For four consecutive mornings, Mariah showed up on my door at 7am, was plied with coffee before we packed our cars. The viols nested together forming an interlocking pattern, and were very stable when being transported. We drove in tandem, parking as close to the High School Gymnasium as we possibly could by 7:30 to set up, organize materials, and round up the unfamiliar assortment of technical gadgets, including speakers that could connect to my computer, overhead projector and tables upon which to place instruments for viewing and also packets of materials.
I created music history thumbnails for both Medieval and Renaissance music using Grout as my guide, as well as a timeline placing some of the more important musicological events and trends on a par with more recognizable historic events such as the Crusades and the sinking of the Armada. I created a listening list for all of the musical examples. The students had multiple opportunities to listen to a piece of music while viewing both a modern transcription and a facsimile version. They also received scores, both in modern transcription and facsimile versions.
The students, although forewarned of my imminent arrival, looked like startled deer with their eyes caught in the headlights for that first class. By class two they began to warm up to the idea of being submerged in the ocean that is historic music, and began to timidly ask questions and to respond to questions that were posed to them. By the third and fourth classes, they were ready to have a gamba placed in their laps, gazing upon it with wonder at as if holding their own newborn for the first time. Any previous distance melted, and everyone focused on the task at hand.
Musica Matrix’s photographer was there to snap shots of the whole process, and I think these photos speak for themselves!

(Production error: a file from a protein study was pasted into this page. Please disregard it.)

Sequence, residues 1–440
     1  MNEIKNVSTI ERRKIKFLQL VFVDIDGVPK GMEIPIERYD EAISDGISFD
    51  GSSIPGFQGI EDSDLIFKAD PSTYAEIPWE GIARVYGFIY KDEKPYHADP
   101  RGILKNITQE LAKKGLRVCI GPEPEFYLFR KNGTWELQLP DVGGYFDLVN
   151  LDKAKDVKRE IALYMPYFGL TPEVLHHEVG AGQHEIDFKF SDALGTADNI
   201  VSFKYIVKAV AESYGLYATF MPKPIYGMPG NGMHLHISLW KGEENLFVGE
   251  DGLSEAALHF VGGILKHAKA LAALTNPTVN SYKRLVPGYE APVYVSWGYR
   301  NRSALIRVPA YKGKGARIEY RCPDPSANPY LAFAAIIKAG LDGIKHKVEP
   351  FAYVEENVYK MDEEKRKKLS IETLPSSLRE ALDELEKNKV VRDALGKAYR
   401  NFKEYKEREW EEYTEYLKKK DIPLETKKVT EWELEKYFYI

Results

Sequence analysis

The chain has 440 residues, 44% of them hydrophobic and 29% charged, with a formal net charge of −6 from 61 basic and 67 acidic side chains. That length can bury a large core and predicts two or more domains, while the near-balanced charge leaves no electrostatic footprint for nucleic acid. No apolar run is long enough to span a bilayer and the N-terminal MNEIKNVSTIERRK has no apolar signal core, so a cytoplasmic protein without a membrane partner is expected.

Though only two classes were devoted specifically to the viol, the fledgling gambists made remarkable progress. They learned the bow hold, how to properly hold the instrument, how to pizz on the gamba, and several positions for the left hand. We played short notes with the strings ‘plucked and released’ by the bow to underline the use of the middle finger for control.
The new bow hold was practiced with the bow only, and then the path of the fingers, hand and arm were mimed without even the bow, so that they knew what to do when the bow touched the strings. They learned to play both the C major and a minor scales, which was tied back to the Plagal partner of Dorian mode. I then wrote out a simple melody in that mode, for everyone to learn to play in tandem.
Of course I wildly over-prepared and had heaps more materials than we could actually use. This however afforded me ample choices when figuring out as we went along which specific pieces to use and which things to try. It was good I had these options, because each class had totally different needs. I think that next time my outline will be simpler with fewer moving parts, but I will keep a number of options available on repertoire for the best result.
All in all, The Great Viol Round-Up of 2017 was a great success. It is my hope to offer a select group of students the option to participate in a small consort viol class.
The local string teacher has already voiced an interest in doing another collaboration. Musica Matrix will be applying for another grant to facilitate this prospect! Wish us luck on our ever-evolving project to create a conduit to Early Music using the skills youngsters already have on modern instruments.